Further on, al-Turabi's influence and that of his party's "'internationalist' and ideological wing" waned "in favor of the 'nationalist' or more pragmatic leaders who focused on trying to recover from Sudan's disastrous international isolation and economic damage that resulted from ideological adventurism." At the same time Sudan worked to appease the United States and other international critics by expelling members of the Egyptian Islamic Jihad and encouraging bin Laden to leave.

On al-Bashir's orders, al-Turabi was imprisoned based on allegations of conspiracy in 2000 before being released in October 2003. He was again imprisoned in the Kober (Cooper) prison in Khartoum in March 2004. He was released on June 28, 2005.

Civil war had raged between the northern and southern halves of the country for over 19 years.  Ostensibly, the war was between the northern Arab tribes and native southern African tribes, but the war soon effectively developed into a struggle between the Sudan People's Liberation Army and al-Bashir's government. The war resulted in millions of southerners being displaced, starved, and deprived of education and health care, with almost two million casualties. Because of these actions, various international sanctions were placed on Sudan. International pressure intensified in 2001, however, and leaders from the United Nations called for al-Bashir to make efforts to end the conflict and allow humanitarian and international workers to deliver relief to the southern regions of Sudan. Much progress was made throughout 2003. The peace was consolidated with the official signing by both sides of the Nairobi Comprehensive Peace Agreement on January 9 2005, granting Southern Sudan autonomy for six years, to be followed by a referendum about independence. It created a co-vice president position and allowed the north and south to split oil deposits equally, but also left both the north's and south's armies in place. John Garang, the south's peace agreement appointed co-vice president died in a helicopter crash on August 1, 2005, three weeks after being sworn in. This resulted in riots, but the peace was eventually re-established and allowed the southerners to vote in a referendum of independence at the end of the six year period, which will be in 2011.

In early 2003, as the conflict in the south of Sudan began to subside, a new conflict had already begun in the western province of Darfur in early 2003. Unlike the Second Sudanese Civil War, this was an ethnic, rather than a religious war. The ethnic cleansing towards the non-Arab population by the Janjaweed militia reportedly reached a death toll between 200,000 to 400,000.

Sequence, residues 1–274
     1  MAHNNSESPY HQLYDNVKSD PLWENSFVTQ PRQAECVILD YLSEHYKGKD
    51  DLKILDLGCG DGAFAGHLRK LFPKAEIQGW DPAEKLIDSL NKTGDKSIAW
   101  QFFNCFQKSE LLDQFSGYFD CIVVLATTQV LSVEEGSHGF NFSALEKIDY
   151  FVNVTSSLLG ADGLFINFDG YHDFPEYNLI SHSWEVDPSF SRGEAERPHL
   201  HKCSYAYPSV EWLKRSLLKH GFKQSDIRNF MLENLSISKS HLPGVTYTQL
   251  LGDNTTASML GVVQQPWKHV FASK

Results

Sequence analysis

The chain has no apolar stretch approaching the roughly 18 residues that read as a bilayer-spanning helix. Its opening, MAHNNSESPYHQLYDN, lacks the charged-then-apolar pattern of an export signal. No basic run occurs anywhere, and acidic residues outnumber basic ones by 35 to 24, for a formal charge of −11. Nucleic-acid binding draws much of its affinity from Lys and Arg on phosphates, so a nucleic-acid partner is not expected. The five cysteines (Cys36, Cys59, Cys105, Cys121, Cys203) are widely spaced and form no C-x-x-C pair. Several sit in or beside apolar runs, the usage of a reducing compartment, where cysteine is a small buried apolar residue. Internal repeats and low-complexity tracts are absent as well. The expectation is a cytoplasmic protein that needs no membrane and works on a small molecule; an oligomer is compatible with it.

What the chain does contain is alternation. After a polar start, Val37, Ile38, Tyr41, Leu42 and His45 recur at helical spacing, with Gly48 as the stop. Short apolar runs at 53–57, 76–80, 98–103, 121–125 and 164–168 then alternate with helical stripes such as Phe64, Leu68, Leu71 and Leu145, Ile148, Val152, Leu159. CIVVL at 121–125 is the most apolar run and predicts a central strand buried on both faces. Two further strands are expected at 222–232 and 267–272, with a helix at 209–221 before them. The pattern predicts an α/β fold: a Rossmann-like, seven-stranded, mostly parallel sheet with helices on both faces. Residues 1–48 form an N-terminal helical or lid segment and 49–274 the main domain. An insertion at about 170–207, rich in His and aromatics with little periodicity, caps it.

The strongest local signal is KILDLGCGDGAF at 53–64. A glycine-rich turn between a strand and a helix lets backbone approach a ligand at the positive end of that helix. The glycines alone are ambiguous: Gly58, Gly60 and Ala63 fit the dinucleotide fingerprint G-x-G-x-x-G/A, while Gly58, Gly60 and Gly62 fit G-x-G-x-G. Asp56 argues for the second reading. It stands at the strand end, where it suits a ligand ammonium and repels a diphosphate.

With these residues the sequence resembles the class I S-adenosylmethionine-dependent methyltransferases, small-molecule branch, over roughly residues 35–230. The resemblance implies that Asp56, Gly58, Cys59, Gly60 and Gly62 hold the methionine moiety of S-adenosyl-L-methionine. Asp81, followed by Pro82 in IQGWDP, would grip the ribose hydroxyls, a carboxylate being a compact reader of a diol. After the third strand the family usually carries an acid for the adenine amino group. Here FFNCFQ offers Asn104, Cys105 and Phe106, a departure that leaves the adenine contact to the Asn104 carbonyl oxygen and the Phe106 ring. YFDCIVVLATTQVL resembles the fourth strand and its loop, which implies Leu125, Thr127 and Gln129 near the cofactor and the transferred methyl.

After 2004, the Sudanese government was accused of suppressing information by jailing and killing witnesses, and tampering with evidence, such as covering up mass graves. The Sudanese government also arrested and harassed journalists, thus limiting the extent of press coverage of the situation in Darfur. While the United States government described the conflict as genocide, the United Nations did not recognize the conflict as such.

In March 2007 the United Nations mission accused Sudan's government of orchestrating and taking part in "gross violations" in Darfur and called for urgent international action to protect civilians there. After fighting stopped in July and August, on August 31, 2006, the United Nations Security Council approved Resolution 1706 which called for a new 20,600-troop United Nations peacekeeping force called UNAMID to supplant or supplement a poorly funded and ill-equipped 7,000-troop African Union Mission in Sudan peacekeeping force. Sudan strongly objected to the resolution and said that it would see the United Nations forces in the region as foreign invaders. The next day, the Sudanese military launched a major offensive in the region.

The United States Government claimed in September 2004 "that genocide has been committed in Darfur and that the Government of Sudan and the Janjaweed bear responsibility and that genocide may still be occurring." Al-Bashir declared that the government had quashed the rebellion in February 2004, but rebels still operate within the region and the death toll continues to rise.

On June 29, 2004, U.S. Secretary of State Colin Powell met with al-Bashir in Sudan and urged him to make peace with the rebels, end the crisis, and lift restrictions on the delivery of humanitarian aid to Darfur. Kofi Annan met with al-Bashir three days later and demanded that he disarm the Janjaweed. A high-level technical consultation was held in Addis Ababa, Ethiopia, on June 11-12, 2007, pursuant to the June 4, 2007 letters of the Secretary-General and the Chairperson of the African Union Commission, which were addressed to al-Bashir. The technical consultations were attended by delegations from the Government of Sudan, the African Union and the United Nations.